Innovative dining hall designs are helping to transform the culinary and social experience of college students. Many students now consider it standard for dining halls to have an environmentally conscious food service, local fresh foods, chef "entertainers," multiple cooking platforms and dining spaces that encourage a variety of social interactions.
Administrators are augmenting students’ dining experience for three reasons: recruitment, retention and meeting student expectations. Architects are creating facility plans and designs to help education institutions reach these goals.
Food of the future
Many important trends are emerging in higher-education food service:
-Fresh food/custom orders. Food in today’s dining halls must be fresh, varied and, if possible, local. These underlying requirements drive design, but the freshness test is central and applies across all food platforms— the soup and salad bar, the meat and vegetable open grill, the deli counters, classic hot meal serving stations, and the pizza and pasta stations.
-Chefs on stage as entertainers. Whatever food platform students gravitate to, they want to customize their order and watch it be prepared, preferably with a bit of fanfare by the chef. The more flair in a chef’s presentation, the better.
Chefs or chef managers are being hired not only for their culinary dexterity, but also for their outgoing personalities. Interaction with students in open kitchens is key to creating an atmosphere of informal theater. A 6-foot-diameter grill at one college has up to five chefs cooking customized orders of chicken, steaks and grilled vegetables all at once. It is a culinary "theater in the round," with students surrounding the circular stage of the central grill as they wait for their orders.
-Dining in the marketplace: a social event. Today’s campuses eschew large, uniform cafeteria spaces in favor of smaller, more intimate seating areas that adjoin each other. Each dining niche has its own design personality, ensuring that every student can find a comfortable nook, a "home away from home." In fact, these dining areas either mimic or reimagine the dining room, living room, kitchen, den and media room in a student’s home.
At one university, a small cafeteria-style space adjoins a den-like nook with armchairs, coffee tables and a fireplace, which in turn adjoins an area with barroom stools set up along a counter, as if at a sushi bar, with a server preparing fresh food behind. The interior spaces can be set off from each other by physical enclosures or defined simply by choosing differenttypes and ceiling features.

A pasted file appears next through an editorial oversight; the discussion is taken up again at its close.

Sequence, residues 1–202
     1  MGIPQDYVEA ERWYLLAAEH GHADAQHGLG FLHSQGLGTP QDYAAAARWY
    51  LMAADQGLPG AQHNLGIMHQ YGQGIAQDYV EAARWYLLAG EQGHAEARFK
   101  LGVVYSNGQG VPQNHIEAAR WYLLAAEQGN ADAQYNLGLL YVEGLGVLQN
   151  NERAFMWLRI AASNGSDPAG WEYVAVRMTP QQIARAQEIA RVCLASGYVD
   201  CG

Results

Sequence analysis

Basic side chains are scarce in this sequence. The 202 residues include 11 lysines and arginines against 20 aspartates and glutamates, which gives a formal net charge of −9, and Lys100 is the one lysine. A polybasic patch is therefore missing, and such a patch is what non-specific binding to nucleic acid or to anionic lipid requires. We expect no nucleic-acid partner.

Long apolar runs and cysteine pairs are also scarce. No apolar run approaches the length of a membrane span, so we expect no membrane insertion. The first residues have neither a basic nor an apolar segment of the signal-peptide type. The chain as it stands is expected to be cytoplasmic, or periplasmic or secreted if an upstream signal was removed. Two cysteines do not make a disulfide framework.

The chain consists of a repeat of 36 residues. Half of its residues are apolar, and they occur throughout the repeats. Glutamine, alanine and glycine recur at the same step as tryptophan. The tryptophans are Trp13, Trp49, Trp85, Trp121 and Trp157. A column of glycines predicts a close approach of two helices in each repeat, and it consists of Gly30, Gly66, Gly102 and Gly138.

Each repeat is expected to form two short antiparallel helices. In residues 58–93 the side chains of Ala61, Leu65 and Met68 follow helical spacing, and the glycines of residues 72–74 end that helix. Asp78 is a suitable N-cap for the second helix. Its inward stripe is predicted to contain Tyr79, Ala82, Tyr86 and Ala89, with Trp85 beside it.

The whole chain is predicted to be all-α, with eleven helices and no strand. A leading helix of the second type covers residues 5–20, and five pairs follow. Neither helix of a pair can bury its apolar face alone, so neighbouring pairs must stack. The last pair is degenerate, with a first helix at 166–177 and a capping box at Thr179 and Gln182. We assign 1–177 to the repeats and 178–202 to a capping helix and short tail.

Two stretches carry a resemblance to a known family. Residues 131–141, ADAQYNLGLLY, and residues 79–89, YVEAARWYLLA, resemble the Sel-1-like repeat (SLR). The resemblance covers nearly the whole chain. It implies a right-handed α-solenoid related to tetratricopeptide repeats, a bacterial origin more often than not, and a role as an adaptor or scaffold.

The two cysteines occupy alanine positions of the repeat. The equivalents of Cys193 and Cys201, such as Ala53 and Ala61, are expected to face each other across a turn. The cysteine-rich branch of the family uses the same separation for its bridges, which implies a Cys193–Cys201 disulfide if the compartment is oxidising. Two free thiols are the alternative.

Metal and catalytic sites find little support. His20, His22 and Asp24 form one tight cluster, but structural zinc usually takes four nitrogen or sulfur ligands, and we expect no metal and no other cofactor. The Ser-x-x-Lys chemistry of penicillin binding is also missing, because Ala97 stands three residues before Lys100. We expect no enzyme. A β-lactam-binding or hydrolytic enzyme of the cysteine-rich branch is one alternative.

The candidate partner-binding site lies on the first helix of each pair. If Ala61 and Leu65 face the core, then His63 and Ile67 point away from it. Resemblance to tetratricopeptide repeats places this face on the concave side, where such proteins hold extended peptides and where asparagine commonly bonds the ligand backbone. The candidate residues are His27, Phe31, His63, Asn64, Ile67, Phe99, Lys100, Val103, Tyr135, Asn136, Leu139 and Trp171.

-Beyond Marché—new building types. Although the marketplace has become popular as a dining environment, some universities are experimenting with broader design concepts. A new building at a university in Pennsylvania, for example, has a dining hall emporium and lounge as its core, and the periphery is ringed with high-tech lecture halls, fitted with airtight doublethat lock out food odors and noise.
Another university in Pennsylvania has a new building concept: a 240,000-square-foot Information Commons. The building blends a dining hall, bookstore, student center, lounge area, academic hotel/restaurant/tourism management program and the campus library. The multiple functions in the building overlap to save space, and to bring vibrancy and efficiency. The management classes, for example, use the dining hall’s kitchen for instruction. The lounge space serves the library and student center.
-New designs increase student traffic to dining halls. At one university in Michigan, a new marketplace concept has resulted in student meals served per day jumping from 2,000 to 5,000 immediately after the hall opened—with the same number of students. New dining halls can become destination points for students.
-Disappearing faculty dining areas. The "faculty-only" dining hall, separate from students, is becoming a thing of the past. With improved cuisine and multiple dining nooks where each professor can find a comfortable spot, most faculty are embracing the Marché concept heartily. The more democratic dining hall also fosters more faculty-student interaction.
-Environmentally conscious dining. Although sustainable design now is woven into the fabric of most architectural thinking, dining halls have their own peculiarities.
Waste management is one, in which disposed-of food is not carted off to landfills; rather it is placed in compost heaps on campus. Many dining environments now are tray-less so that students don’t overload their trays and then throw half the food away; instead, some college dining halls are going retro, using individual china plates to limit portions.
Chefs also are buying locally grown produce. This ensures fresh food, but also reduces the carbon footprint produced by shipping food from afar.
-Location at traffic nexus. New buildings that include dining facilities and other social gathering venues are situated strategically near the highest pedestrian traffic areas and, when possible, near public.
-Technology and media. New dining halls incorporate TVs, monitors, sound systems, wireless outlets for smart phones, kiosks with computers to check e-mail and otherto embrace the anywhere-anytime communications society in which we live today.